Quantcast
Home About PERL PERL Features Core Content Custom Content Promoting Your Brand Testimonials



Search Language
Browse
Medical Illustrations
Medical Exhibits
Medical Animations
Medical Animation Titles
Patient Health Articles
Interactive
Most Recent Uploads
Medical Specialties
Anesthesiology
Cancer
Cardiology
Endocrinology
Gastroenterology
Health & Fitness
Infectious Diseases
Neonatology
Neurology/Neurosurgery
Ob/Gyn
Occupational Medicine
Ophthalmology
Orthopedics
Otolaryngology
Pathology
Pediatrics
Pulmonary Medicine
Radiology
Rheumatology
Surgery
Urology/Nephrology
Body Systems/Regions
Anatomy & Physiology
Diseases & Conditions
Diagnostics & Surgery
Cells & Tissues
Cardiovascular System
Digestive System
Lymphatic System
Muscular System
Nervous System
Reproductive System
Respiratory System
Skeletal System
Abdomen
Back and Spine
Foot and Ankle
Hand and Wrist
Head and Neck
Hip
Knee
Shoulder
Thorax
Arm
Account
Administrator Login
Rheumatoid Arthritis - Medical Animation
 
You will need the free Flash Player plugin (version 9 or above) to view this animation.
ANH14140 Elite  Enlarge Share
Rheumatoid Arthritis - Medical Animation
MEDICAL ANIMATION TRANSCRIPT: Bones provide support for the body and aid in its movement. The place where two or more bones meet is called a joint. Joints may be immovable, slightly movable, or freely movable. A synovial membrane surrounds movable joints. Inside the membrane, synovial fluid lubricates and nourishes join tissue, such as cartilage. Articular cartilage is a tough slippery covering on the ends of the bones, which allow smooth joint movement. Joints give the body flexibility, precision of movement, and help in supporting the body's weight. Arthritis is any disorder that affects joints. It can cause pain and inflammation. Rheumatoid arthritis is the second most common type of arthritis. The joints most commonly affected are in the wrists, hands, knees, ankles, and feet. It typically occurs at the same joint on both sides of the body. It can also affect other organs in the body, such as the eyes, skin, heart, lungs, kidneys, nervous system, and digestive tract. Rheumatoid arthritis is an autoimmune disorder. This means the body attacks itself by mistake. In rheumatoid arthritis, the immune system attacks joint and organ tissues. Here's how it happens, the white blood cells of the immune system move into the joint. They release chemicals called cytokines, which attack the cells of the synovial membrane. These chemicals cause synovial cells to release other destructive substances. They also cause the synovial membrane to grow new blood vessels and form a thickened area called a panous. Over time, as the panous grows, it invades and destroys areas of cartilage and bone inside the joint. Inflammation causes fluid buildup in the joint, making the joint swell. Eventually without treatment, the joint space narrows and ankylosis can occur. Ankylosis is fusion or growing together of bones in the joint. This results in the loss of the ability to move the joint. There is no cure for rheumatoid arthritis. However, doctors commonly prescribe various combinations of the following medications that when taken together can reduce inflammation and pain, and slow down joint damage. These include, non-steroidal anti-inflammatory drugs, or NSAIDs, steroids, and standard disease modifying antirheumatic drugs, or DMARDs. If standard DMARDs aren't working, doctors may prescribe newer drugs called biologics, also known as biologic DMARDs. Physical and occupational therapy along with low impact exercise can increase muscle strength and help keep joints limber. For severe rheumatoid arthritis that has not been helped by other treatments, a doctor may recommend a surgical procedure. For example, a joint replacement procedure, also known as an arthroplasty, may be recommended. For joints that are difficult to replace, joint fusion, also known as arthrodesis, may be recommended. During this procedure, the joint is removed, and the bones are fused together with bone graft. Another surgical procedure for severe rheumatoid arthritis is a synovectomy. During this procedure, the synovial membrane surrounding the joint is removed. In some cases, an arthritic joint may need to be replaced with an artificial joint. For more information, talk to a health care provider.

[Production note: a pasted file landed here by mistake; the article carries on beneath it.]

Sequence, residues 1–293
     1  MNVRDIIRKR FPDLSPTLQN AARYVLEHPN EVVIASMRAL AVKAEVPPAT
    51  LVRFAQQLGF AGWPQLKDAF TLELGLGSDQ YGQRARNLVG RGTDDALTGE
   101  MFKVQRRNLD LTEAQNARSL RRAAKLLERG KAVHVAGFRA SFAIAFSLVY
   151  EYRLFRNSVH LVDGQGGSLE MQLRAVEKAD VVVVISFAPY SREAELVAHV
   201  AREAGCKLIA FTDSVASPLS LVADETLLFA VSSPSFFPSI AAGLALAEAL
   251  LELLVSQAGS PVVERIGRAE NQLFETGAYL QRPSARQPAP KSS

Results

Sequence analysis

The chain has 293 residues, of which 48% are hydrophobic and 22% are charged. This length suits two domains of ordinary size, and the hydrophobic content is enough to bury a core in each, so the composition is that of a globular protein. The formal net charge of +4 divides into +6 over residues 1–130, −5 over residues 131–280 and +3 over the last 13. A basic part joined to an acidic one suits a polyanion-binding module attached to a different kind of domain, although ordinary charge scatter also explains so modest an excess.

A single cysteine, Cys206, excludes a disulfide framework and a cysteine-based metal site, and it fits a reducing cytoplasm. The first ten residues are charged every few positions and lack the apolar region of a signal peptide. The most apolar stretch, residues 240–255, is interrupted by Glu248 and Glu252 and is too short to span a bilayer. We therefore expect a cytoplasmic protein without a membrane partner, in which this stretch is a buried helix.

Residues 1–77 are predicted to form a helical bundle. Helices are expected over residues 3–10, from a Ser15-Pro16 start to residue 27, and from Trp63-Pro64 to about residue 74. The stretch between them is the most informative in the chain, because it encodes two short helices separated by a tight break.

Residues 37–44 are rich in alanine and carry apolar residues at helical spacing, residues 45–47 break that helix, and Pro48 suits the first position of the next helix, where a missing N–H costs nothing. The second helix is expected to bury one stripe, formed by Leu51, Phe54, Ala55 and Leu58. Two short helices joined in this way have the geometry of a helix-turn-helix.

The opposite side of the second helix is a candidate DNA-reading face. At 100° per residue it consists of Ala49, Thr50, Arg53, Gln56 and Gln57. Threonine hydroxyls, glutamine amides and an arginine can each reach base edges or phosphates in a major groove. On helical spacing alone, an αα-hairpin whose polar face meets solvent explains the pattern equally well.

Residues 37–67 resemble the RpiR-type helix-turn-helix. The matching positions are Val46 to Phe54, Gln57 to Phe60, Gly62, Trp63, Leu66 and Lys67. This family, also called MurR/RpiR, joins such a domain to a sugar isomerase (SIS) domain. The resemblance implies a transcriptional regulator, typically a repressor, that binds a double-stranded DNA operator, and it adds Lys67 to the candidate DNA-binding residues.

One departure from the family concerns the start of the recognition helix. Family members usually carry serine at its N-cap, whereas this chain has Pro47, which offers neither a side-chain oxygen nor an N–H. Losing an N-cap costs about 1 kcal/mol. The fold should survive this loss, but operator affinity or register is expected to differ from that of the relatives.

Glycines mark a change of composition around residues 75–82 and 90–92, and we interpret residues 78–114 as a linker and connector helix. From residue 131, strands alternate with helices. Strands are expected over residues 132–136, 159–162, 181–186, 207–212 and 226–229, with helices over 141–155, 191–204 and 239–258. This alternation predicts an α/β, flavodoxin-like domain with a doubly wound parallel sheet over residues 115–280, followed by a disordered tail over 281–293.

This exhibit is available in these languages: